Stepping across the tiles like that gave me a feeling of security like how the feeling of a small key would feel to a wind-up toy.
And that’s how I discovered the meaning of feelings, of security, unhappiness and, strangely, the existence of a Me.
Where I lived there was a brick wall
As a very young child living in a slum I couldn’t make sense of all the wlls around me
Where I lived there was a brick wall and in the wall, there were several crumbling bricks.
I would see the wind hammering at the bricks trying to get through. I would see the winter weather eating away the cement and the broken bits of bricks.
Then one bright spring day I looked and I could see right through the wall at the sun on the other side and I watched as the wall sagged and then caved in and then collapsed entirely.
And there are parts of society that thinks itself strong like a wall but they never ever talk about there feelings and some of the children in that society grow up having never expressed how they feel about anything that has happened to them. Then they are made to see a doctor, then they are put in a hospital, then they kill themselves.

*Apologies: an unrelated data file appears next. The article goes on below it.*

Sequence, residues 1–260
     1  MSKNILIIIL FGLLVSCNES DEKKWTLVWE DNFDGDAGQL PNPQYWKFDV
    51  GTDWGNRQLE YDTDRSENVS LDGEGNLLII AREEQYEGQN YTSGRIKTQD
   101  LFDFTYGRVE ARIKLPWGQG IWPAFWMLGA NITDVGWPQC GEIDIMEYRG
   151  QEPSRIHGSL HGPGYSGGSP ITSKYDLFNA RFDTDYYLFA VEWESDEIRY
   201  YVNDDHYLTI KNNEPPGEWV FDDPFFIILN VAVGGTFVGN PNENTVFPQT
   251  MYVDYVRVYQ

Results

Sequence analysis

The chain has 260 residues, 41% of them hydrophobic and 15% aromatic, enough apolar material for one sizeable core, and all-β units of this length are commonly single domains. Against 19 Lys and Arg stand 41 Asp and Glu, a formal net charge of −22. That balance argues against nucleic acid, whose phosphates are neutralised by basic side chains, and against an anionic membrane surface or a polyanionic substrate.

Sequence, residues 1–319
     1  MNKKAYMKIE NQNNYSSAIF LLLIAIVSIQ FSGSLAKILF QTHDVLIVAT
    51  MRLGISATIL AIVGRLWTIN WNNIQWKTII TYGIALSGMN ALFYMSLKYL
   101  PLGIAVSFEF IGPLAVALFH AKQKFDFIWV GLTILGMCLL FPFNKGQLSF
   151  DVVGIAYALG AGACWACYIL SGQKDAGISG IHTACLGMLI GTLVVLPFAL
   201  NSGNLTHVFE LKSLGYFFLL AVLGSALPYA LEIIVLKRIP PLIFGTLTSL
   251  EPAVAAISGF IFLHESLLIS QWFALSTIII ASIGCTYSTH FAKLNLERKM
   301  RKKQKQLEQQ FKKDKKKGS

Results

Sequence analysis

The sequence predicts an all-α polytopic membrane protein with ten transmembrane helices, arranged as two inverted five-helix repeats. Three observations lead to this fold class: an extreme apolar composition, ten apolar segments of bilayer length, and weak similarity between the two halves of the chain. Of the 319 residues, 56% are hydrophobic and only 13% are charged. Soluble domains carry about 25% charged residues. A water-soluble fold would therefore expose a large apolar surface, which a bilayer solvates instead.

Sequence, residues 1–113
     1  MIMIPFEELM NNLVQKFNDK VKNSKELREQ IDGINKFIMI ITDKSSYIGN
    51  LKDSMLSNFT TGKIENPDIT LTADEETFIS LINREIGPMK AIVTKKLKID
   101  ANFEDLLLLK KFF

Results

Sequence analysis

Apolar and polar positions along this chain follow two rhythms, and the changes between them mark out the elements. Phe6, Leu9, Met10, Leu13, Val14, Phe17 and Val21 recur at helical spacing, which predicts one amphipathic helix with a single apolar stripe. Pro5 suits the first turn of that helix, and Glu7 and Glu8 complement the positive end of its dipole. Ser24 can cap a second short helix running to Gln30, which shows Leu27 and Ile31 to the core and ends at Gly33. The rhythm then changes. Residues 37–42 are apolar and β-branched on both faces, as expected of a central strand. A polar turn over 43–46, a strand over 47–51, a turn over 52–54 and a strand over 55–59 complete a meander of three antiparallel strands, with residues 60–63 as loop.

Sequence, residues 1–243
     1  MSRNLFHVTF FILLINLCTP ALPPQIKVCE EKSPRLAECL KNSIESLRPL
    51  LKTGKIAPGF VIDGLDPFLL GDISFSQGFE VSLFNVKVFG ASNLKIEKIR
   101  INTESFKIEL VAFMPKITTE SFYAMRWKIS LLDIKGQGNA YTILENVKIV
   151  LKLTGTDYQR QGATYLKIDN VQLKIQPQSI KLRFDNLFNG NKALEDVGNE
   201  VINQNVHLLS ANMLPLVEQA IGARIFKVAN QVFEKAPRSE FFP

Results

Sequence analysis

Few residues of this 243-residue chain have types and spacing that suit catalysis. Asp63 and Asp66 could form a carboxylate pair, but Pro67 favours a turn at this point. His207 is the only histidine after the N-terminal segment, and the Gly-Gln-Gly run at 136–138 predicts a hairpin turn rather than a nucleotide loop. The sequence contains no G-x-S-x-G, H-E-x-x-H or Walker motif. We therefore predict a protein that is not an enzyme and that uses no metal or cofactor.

And it’s a sign about the wall; that the wall is growing weak and that the wall will someday collapse because it’s a wall with no feelings, it’s a wall without love.
Prose exaimining how society can set thepath of your life for you
Some machinery released the trapped gas in the bowels of the earth. It travelled along pipes into a factory to be cleaned up than along more pipes until it popped up out of the gas ring where it tried to escape to freedom, and then it was set fire to, in the blue flames that were destroying millions of years of formation.
You had been in the womb for a long time until formed into a baby you; you travelled through a tunnel and into a place where you were cleaned up. Then you were taken by car to a house (did you see the engine that turned your relative into exhaust fumes). There in a house it was both hot and cold. Your mother loved you; your society awaited you. There in the house, you received mixed messages; your mother nurtured you and society waited for you like a wolf.